Selling "Printable" Photographs on Etsey or Ebay

Discussion in 'Business of Photography' started by Glenn McCreery, Sep 19, 2020.

  1. I was unfamiliar with Etsey before reading the posting below, so I looked it up. The first thing that I noticed is this listing for a set of three printable landscape photographs at,
    Set of 3 Green Mountain Forest Landscape Prints. Scandinavian | Etsy

    The price of $5.87 seems rather low unless you sell a ton of them, which the seller apparently does. Selling printable photographs rather than prints is concept that I had not previously considered. Does anyone here have experience with selling printable photographs?
     
    johnfantastic likes this.
  2. Hmmm, interesting, I never heard of this either (but I never look at etsey). I see that to purchase them printed and framed the price increases dramatically. Also the pictures themselves are rather generic, the sort you see at Ikea and other mass market home furnishing stores for sale.
     
    johnfantastic likes this.
  3. I'd be curious as to what portion of the sales are actually just for the downloadable files as opposed to prints. And how do the prices of the prints compare to getting similar prints made of your own photos.

    The downloadable files are not that useful. I mean they could be a background on your monitor or a screen saver. Or you could get your own prints made. I'm sure the idea is to get you to purchase prints from Etsey.
     
  4. @ Glenn.. IMO it's not a great idea to make "digital image files" available to purchase online. From the onset, it may seem to be a convenient way to simplify the sales process. But in reality, you could allow someone to purchase a digital file anywhere online for just a few bucks -- and you simply cannot regulate how they use your © image once they get it in their possession. They might make hundreds of prints and re-sell them (at your expense) post them online illegally for personal or commercial uses. The ways someone can take advantage of you by possessing the printable image file are endless.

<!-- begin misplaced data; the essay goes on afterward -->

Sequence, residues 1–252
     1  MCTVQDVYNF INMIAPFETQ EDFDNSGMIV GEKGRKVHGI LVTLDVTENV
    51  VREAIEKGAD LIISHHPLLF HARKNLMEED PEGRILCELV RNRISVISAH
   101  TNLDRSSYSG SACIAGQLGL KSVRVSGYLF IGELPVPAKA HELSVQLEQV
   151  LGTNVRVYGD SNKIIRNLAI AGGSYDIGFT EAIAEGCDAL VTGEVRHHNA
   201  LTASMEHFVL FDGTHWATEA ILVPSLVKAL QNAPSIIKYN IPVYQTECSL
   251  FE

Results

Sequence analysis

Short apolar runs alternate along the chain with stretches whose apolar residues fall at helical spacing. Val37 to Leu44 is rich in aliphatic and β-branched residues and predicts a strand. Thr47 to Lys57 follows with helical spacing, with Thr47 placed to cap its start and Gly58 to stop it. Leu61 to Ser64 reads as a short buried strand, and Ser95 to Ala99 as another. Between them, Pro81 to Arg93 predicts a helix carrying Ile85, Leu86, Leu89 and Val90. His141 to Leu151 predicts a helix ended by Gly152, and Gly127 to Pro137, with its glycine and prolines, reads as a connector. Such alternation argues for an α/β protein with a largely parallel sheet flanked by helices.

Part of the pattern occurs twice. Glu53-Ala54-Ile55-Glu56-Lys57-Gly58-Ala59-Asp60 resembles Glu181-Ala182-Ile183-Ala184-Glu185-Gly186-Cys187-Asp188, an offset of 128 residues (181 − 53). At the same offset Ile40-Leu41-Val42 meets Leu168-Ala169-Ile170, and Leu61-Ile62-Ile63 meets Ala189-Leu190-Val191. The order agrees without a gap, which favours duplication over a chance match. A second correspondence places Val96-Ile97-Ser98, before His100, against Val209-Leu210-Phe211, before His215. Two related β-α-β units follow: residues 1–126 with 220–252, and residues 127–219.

5. It's not my photo unless I personally printed it. Obviously can't be "competitive" online. I always want to meet the buyer in person. No fantasy about collectors, resale etc. I want to see and hear the buyer's personal response.
     
    d. stucky, Ricochetrider and tsphotos like this.
  6. Hmmm....

    While I've never sold any of my photos, I've looked at having some printed. Since I don't have my own lab or space for such, IF I were to print any it'd be outsourced to either a lab or somebody like Zenfolio (my photo host site) to make some sort of print. It's easy and cheap to get a basic photo print made, heck you could probably take photos on a thumb drive to CVS or Walgreens and walk out the door in 20 minutes with prints. I had a slightly better than average ink jet print made for my GF of a photo I shot last winter and it was still reasonably inexpensive, although framing etc was not. The lab who's been developing my film lately did the job.